So what will happen with the Jets under Rodgers? Based on their performance last year with the likes of Zach Wilson and Mike White under center, you would imagine that the expectations should be elevated. The Jets finished last season 7–10, and out of the playoff race. They have now added a quarterback that despite a losing season seems to still have most of his ability intact. The division is a tough one with Josh Allen and the Buffalo Bills with championship aspirations, and the Miami Dolphins coming off of a dynamic season with their offensive weapons. But the Jets feel that Rodgers could be the missing piece.
Elsewhere around the AFC, there are talented quarterbacks everywhere you look. Justin Herbert, Joe Burrow, Lamar Jackson, the emerging Trevor Lawerence, Josh Allen, and of course Patrick Mahomes. It will not be easy to accomplish, but if nothing else this now presents an opportunity to dispel a lot of the narratives from his time in Green Bay. Because of how dominant the Packers were in a division where the Lions and Bears were mostly helpless and the Vikings were up and down, playing for the Jets presents a chance to show the world that he is indeed one of the greatest players to ever play the position.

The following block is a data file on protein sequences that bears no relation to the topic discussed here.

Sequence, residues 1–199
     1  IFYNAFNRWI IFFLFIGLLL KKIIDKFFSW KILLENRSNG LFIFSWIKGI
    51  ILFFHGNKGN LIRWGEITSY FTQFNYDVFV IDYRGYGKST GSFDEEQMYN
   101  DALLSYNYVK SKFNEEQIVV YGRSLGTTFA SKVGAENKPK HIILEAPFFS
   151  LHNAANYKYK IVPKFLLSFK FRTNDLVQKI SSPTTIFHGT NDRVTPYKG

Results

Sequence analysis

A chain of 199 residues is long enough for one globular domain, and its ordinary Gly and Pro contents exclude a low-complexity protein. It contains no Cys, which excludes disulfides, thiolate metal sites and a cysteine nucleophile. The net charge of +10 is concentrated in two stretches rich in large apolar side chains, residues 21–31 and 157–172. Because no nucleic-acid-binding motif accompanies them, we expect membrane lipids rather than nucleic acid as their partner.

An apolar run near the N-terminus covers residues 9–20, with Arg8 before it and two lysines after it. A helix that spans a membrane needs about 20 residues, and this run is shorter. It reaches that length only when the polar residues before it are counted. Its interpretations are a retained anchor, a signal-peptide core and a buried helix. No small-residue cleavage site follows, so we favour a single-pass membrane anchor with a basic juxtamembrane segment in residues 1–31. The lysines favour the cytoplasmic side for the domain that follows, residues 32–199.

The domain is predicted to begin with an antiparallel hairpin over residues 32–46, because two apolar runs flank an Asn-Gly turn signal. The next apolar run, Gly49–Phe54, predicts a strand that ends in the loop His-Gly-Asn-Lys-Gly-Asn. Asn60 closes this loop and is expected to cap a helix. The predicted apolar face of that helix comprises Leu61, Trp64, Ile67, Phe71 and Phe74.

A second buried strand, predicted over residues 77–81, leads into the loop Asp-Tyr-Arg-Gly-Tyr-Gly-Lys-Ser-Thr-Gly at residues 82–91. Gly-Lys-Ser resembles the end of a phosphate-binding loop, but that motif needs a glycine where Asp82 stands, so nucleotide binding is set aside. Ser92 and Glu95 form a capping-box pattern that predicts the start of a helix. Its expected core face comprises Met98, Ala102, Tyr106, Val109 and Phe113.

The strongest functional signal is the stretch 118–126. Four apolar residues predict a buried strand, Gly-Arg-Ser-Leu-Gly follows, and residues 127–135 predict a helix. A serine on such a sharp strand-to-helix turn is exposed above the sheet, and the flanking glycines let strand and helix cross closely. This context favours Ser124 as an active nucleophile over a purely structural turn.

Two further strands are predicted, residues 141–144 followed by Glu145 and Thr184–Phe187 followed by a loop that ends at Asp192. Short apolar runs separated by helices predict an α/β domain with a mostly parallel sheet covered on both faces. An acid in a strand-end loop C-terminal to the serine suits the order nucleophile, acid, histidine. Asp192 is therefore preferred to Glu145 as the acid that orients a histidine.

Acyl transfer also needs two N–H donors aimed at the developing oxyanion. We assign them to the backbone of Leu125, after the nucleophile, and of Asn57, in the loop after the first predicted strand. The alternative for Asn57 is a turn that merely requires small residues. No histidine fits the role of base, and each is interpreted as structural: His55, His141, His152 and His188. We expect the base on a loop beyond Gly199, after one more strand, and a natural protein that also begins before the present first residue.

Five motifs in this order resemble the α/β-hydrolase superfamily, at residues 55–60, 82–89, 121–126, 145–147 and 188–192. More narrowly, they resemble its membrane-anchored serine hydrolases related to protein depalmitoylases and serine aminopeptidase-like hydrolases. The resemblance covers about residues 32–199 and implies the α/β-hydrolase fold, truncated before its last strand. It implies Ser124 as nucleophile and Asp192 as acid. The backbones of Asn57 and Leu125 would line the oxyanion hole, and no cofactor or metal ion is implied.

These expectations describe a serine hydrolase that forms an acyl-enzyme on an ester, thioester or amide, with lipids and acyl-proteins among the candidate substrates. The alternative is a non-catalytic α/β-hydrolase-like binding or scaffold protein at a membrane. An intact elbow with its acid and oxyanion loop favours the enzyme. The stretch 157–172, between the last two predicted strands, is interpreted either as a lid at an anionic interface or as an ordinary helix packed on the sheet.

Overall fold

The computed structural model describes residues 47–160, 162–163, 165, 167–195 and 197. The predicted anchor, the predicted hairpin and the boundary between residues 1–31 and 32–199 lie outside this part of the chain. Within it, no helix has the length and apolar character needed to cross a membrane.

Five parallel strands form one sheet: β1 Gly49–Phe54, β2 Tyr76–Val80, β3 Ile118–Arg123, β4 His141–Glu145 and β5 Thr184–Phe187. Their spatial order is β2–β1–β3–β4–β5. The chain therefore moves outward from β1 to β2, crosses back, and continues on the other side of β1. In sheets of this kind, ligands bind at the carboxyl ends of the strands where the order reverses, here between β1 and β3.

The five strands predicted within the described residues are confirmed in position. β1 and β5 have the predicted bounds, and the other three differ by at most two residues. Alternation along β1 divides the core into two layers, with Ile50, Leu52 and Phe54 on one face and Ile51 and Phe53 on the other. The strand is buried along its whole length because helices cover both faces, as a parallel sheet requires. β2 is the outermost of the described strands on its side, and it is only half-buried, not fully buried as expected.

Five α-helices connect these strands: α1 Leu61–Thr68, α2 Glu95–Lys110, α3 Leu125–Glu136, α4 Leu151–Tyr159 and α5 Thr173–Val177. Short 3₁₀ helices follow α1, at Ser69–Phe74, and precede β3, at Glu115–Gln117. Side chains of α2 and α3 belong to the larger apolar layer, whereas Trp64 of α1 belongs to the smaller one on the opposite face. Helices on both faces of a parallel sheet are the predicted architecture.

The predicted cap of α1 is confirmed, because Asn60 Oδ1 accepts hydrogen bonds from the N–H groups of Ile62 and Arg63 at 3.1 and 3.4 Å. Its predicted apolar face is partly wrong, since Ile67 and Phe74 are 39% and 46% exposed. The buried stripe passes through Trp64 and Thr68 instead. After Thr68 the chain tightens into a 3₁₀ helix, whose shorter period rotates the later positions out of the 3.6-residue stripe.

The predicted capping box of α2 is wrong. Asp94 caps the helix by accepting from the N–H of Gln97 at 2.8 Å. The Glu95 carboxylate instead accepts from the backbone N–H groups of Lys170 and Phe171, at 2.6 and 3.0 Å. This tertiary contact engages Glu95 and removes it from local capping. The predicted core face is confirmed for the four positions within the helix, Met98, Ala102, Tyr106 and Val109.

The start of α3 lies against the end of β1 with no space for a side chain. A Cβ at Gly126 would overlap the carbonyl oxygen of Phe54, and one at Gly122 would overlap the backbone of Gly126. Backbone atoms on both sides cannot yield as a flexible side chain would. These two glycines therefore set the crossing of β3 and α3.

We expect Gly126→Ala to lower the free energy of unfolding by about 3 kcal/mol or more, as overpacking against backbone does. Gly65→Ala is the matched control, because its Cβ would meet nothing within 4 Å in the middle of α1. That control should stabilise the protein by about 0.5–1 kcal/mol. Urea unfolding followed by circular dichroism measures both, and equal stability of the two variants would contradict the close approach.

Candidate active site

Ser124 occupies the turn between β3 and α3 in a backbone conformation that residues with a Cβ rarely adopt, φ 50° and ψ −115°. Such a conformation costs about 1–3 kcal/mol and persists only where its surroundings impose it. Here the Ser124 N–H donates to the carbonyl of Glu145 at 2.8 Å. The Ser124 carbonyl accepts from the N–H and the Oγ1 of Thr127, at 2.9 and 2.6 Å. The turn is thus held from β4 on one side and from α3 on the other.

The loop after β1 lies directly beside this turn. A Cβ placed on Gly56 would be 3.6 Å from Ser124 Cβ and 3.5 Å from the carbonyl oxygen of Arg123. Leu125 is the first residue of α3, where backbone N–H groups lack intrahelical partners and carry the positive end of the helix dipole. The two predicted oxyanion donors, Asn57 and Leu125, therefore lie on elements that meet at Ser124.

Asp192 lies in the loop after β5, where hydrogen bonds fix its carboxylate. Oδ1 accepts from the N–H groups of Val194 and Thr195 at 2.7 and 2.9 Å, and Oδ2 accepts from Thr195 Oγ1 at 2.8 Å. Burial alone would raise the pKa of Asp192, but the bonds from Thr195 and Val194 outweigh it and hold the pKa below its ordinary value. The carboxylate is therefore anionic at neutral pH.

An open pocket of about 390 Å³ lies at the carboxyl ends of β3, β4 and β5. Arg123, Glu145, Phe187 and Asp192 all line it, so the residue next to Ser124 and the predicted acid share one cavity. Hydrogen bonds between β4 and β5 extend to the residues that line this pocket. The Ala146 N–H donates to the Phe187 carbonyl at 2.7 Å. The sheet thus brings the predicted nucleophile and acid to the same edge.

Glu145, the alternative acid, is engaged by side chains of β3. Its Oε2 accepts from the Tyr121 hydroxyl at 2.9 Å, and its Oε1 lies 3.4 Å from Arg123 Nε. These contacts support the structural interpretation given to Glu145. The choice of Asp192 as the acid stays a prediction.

From the perspective of Jets fans, they have to feel like they struck gold. This is a franchise and a fan base that has been devoid of talent at the quarterback position for many years. Rodgers instantly becomes the best player at the position that they have had since Joe Namath. And for that reason, they should be excited. However, retirement and commitment are issues that have come up frequently with Rodgers in Green Bay. If he can deliver the team a Super Bowl then it will all be worth it. But if he does not, then it will be filed in the disappointment pile alongside the Brett Favre experiment. As always, Rodgers and Favre will forever be linked. Only time will tell if it will turn out better for the Jets this time around.